Jesus meets Kant is at a new site:
The Old Testament is the expression of a primitive culture dealing with primitive issues. I'm sorry to say it, but it's true. When I started reading the Bible, as a young, impressionable man, I'll never forget coming across numerous passages that said "God hates," "God detests," and stories about God-sponsored wars, and other such nonsense. Even at that time, when I thought the Bible was God's Word, I knew something was wrong here. God does not hate; God does not condone war. Those are moral facts and follow from the very definition of God as an all good, perfect Being. However, I found comfort and wisdom of the Psalms and Proverbs, two of the best books in the Bible
But at the end of the day, I am not a huge fan of the Old Testament - there are simply too many passages that can be misused, interpreted literally, or downright wrong. This is why Kant called the Old Testament a non-Christian text, which I think is right. Jesus encapsulated the entire thing into the Golden Rule, which I think was also right. Most people are decent and will ignore the silly parts. But some people will take them seriously or literally. Racism, sexism, to name two. That's dangerous.
The New Testament, on the other hand, in my humble opinion, doesn't suffer from the same problems. Other than some sexist assumptions from Paul, and a weird violent symbolic apocalyptic story in Revelations, the moral teachings of Jesus throughout the Gospels have stood the test of time. They are extremely hard to critique. In high school and college, I studied every single teaching of Jesus, even looking at the extra-Biblical teachings from other texts (e.g. Gospel of Thomas). I entered every single teaching into a giant Word document, eventually putting them in categories like "love" "knowledge" "Kingdom of God," etc. It was one of the best things I've ever done in my entire life. Sure, I thought some of the saying were cryptic and weird. but morally, it doesn't get any better than the core teachings of Jesus: love God, love your neighbor, and love your enemies. That is the core message of the Gospels, and yet even still, several people don't get it. That's my point. Even if a text is rock solid, it will be interpreted through the lens of the person reading it. The teachings of Jesus saved me, so I am forever indebted to the New Testament.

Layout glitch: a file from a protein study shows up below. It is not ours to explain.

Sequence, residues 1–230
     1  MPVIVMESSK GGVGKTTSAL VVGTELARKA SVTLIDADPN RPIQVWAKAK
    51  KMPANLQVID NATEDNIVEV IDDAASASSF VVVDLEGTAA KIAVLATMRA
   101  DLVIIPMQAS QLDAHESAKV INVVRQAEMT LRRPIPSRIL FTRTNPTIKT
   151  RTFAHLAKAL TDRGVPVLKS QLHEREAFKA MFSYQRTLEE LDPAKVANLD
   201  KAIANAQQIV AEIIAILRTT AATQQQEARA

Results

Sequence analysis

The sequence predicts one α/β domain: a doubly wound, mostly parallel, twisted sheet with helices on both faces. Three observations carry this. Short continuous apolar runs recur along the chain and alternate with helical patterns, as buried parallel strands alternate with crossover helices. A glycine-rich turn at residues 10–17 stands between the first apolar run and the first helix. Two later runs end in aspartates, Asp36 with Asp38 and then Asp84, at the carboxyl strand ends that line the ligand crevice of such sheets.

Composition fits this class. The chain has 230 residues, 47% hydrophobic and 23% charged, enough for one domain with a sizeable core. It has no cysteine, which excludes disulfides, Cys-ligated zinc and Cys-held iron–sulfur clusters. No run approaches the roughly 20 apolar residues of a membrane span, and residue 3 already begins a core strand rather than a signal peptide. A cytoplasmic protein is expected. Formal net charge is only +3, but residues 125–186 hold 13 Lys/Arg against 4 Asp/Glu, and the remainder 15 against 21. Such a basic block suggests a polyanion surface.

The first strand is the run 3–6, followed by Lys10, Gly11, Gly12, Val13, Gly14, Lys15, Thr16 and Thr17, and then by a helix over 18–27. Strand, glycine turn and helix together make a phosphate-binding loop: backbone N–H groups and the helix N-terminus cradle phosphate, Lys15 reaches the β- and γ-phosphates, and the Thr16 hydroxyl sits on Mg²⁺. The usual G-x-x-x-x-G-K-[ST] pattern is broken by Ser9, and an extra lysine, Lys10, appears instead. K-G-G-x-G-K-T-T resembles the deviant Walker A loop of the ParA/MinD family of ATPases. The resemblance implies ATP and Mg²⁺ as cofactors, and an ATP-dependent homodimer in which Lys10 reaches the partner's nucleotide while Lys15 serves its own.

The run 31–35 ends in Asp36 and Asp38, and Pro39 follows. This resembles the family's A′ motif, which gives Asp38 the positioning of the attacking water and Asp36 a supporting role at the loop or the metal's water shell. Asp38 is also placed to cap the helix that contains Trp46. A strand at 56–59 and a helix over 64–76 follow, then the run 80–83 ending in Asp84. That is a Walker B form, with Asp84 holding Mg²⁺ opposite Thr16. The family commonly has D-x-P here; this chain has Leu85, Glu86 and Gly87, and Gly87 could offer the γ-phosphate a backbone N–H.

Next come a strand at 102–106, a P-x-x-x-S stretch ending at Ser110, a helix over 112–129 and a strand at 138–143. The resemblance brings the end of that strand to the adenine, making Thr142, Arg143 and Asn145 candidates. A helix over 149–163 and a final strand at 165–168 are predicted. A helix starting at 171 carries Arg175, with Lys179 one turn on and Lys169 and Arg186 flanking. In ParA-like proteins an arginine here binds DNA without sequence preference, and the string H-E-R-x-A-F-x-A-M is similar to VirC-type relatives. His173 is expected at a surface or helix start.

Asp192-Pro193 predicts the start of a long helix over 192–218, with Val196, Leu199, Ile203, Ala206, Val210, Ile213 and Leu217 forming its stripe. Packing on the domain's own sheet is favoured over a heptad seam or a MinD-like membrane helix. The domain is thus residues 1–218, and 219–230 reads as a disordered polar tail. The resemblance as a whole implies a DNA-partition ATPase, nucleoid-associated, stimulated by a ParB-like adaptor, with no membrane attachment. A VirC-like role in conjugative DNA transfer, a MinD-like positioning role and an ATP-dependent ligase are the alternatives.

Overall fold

The Buddhist texts and Taoist texts that I have read - also good spiritual and moral nourishment. I find them a little more metaphysical and intellectual, but the morality boils down to compassion, love, and selflessness. They seem to be quite peaceful, even towards animals and the earth.
As for the Qur'an, I haven't read it. I know that there are several beautiful moral teachings in it, including the Golden Rule. But, like the Old Testament, I have heard there are several violent passages and stories as well, and that Muhammed was in several wars himself. Perhaps it suffers the same fate of the Old Testement: the expression of a more primitive culture dealing with primitive issues. I recently read a book titled Heretic, written by an ex-Muslim woman, who is critical of the Qur'an. However, on the other side, I am a fan of Reza Aslan, a Muslim thinker and scholar of religions. He basically says that the Qur'an is just like any other religious text. It gets interpreted within a particular society, and through the lens of particular human personalities. We cannot blame the text itself. I agree partially. I'm saying we can blame the text- as long as we are specific about it. We need to call out the bad parts, which is what I'm doing right now.
What's the takeaway? Religious texts are not written by men. They are mostly inspired by God, and that's okay. They are still holy. Rather than diminish, this expands our understanding of both God and our beloved religious text. There is God. And there is you. The rest is there to help mediate that connection.That is religion. It's time for us to let go and face God for the very first time, waiting for us in the greatest recesses of the mind.